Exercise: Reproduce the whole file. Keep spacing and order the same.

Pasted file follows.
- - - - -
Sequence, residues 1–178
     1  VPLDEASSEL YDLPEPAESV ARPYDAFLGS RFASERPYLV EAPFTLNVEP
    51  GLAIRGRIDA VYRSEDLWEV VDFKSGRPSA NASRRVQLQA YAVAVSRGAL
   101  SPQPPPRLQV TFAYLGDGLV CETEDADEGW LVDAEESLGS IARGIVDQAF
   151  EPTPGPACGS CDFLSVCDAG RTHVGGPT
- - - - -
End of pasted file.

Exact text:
Sequence, residues 1–178
     1  VPLDEASSEL YDLPEPAESV ARPYDAFLGS RFASERPYLV EAPFTLNVEP
    51  GLAIRGRIDA VYRSEDLWEV VDFKSGRPSA NASRRVQLQA YAVAVSRGAL
   101  SPQPPPRLQV TFAYLGDGLV CETEDADEGW LVDAEESLGS IARGIVDQAF
   151  EPTPGPACGS CDFLSVCDAG RTHVGGPT